The School Of Life (L’école buissonnière)
France (2017) Dir. Nicolas Vanier
What exactly is freedom? This might not seem like a primary concern in this charming French drama given the conventional main storyline and clarion call to preserve the wonders of nature, but The School Of Life does tacitly ponder such existentialist queries. As someone who grew up on a farm, film Nicolas Vanier knows whereof he speaks in representing the animal kingdom.
Paris 1927 and the surplus of post war orphans is causing a strain on orphanages. Célestine (Valérie Karsenti), a maid for a wealthy lord in Sologne, is summoned to one orphanage as the only name linked to a young boy, Paul (Jean Scandel). She initially refuses until she witnesses Paul being slapped by the brutish director and changes her mind.
Arriving in Sologne, Paul is left alone while Célestine and her gamekeeper husband Borel (Éric Elmosnino) work at the manor of Count de la Fresnaye (François Berléand). He befriends the tetchy but charismatic poacher Totoche (François Cluzet), living off the count’s land and avoiding being caught by Borel.
From this synopsis you might wonder who the main protagonist is of this story and what does one have to do with the other. And how does the idea freedom fit into all of this? These are valid questions and whilst it may not seem possible, Vanier manages to address each of these issues, although to what level of satisfaction will be subjective.
The message is people’s attitudes can be changed, and in this instance, the catalyst is the worst kept secret among the people of Sologne. There is a fairly predictable mystery running through this story of Paul’s true heritage. Célestine declaring herself the cousin of Paul’s mother at the orphanage is perfectly plausible but we soon suspect subterfuge.
Vanier teases us with many possibilities, such as Célestine’s defiance in assisting Totoche to avoid her husband’s ambushes and their late night trysts in Borel’s absence. Paul’s age and him growing up in Paris ostensibly rules out them being his parents, yet the more people Paul meets in the village the more curious reactions he gets from asking questions, widening the scope of this mystery.
Meanwhile, Paul is enjoying his daily adventures with Totoche and his (female) dog Boy as they scavenge the forests of the Count’s vast estate for their next meal, be it fish, meat or vegetation. Totoche is an inventor of handy gadgets, his greatest creation being the rotating soles of his boots, allowing him to walk in a forward direction yet leave footprints facing the opposite way – handy in throwing Borel off the trail.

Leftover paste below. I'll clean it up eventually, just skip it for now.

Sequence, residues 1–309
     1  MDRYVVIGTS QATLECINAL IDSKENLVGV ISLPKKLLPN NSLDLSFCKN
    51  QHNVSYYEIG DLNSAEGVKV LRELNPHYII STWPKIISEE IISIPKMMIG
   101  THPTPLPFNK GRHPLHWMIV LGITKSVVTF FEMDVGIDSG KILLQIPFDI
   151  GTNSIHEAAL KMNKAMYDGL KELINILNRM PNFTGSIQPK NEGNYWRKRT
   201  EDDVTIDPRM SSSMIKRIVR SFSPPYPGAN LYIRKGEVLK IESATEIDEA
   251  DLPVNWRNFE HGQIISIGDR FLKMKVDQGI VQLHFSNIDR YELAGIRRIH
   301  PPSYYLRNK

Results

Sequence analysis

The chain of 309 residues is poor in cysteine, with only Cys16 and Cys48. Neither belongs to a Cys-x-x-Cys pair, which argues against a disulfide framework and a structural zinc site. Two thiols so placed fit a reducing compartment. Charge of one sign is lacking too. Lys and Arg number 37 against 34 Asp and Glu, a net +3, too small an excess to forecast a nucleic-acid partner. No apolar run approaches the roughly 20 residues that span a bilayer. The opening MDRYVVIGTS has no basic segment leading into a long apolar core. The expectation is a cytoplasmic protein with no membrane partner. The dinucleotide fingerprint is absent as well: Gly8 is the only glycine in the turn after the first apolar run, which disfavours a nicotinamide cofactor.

Expanding on the freedom concept, the central symbol of this is a legendary stag that arrives every year at the estate as per its nature which the Count has always wanted to catch. Like Totoche, this stag means no harm to anyone but to the gentry it is considered fair game if only for the kudos of killing what is considered a local myth due to the rarity of its sightings.
So what life lessons does Paul learn? Apart from some handy skills and the wonders of nature, it is about the value of life itself. Rough treatment at the orphanage has given him an empathy with animals being killed for food. But as Totoche explains: “For the fox to live, the pheasant has to die. For the pheasant to live, insects have to die. For insects to live, plants have to die. That’s nature. Life, death, life.”
Not all lessons are enriching but we have to learn them anyway. The fable of the stag becomes more than symbolic placed in tandem with the arrival of the Count’s obnoxious spoiled son Bertrand (Thomas Durand), the de facto antagonist of this tale, albeit a little too late, only stirring things up in the third act. A class war begins but it is not just the humans Bertrand considers beneath him.
The message might be unambiguous and the delivery is hardly subtle yet Vanier avoids the role of preacher in putting his view across. The desired feel good ending is achieved and while we may not have been bludgeoned with a self-righteous entreaty in favour of vegetarianism, it is hard not to feel a deeper appreciation and concern for the woodland inhabitants after watching this .
However, there is a contrasting dichotomy of Totoche and other poachers eating rabbits and pheasant because it is natural to do so, before feeling morally compelled to protect a mighty stag which will assuredly incur accusations of hypocrisy. The “moral” part of this judgement is relative to a development which would be a spoiler to discuss here, but it is born out of noble concerns and returns to the earlier point about learning hard lessons.
Vanier makes things easy to digest through the superb acting of the cast, headed by a cheekily irascible François Cluzet and an exceptional debut from young Jean Scandel as Paul – a future heartthrob in the making if he doesn’t let his fame go to his head, mark my words ladies! I don’t know if it was CGI or the real thing, but the stag was absolutely majestic, dominating its scenes like it was the main star.
This is also a very cinematic production, rife with swooping aerial camera shots of the expansive estate and the vivid tableaux of the verdant woodlands, shimmering lakes and the microphotography of the animals in their natural habitat. Some editing is a little choppy, upsetting the natural rhythm of the story and causing too many jumps in the timeline, making the story feel rushed and uneven in places.
Anyone can watch this film as a straight forward, relaxing light family drama just as you can focus on the pro-nature mission. The two deftly go hand in hand without necessarily being beholden to one another which is quite an achievement in itself. The School Of Life is open for registration so make sure you attend, as there will be questions afterwards!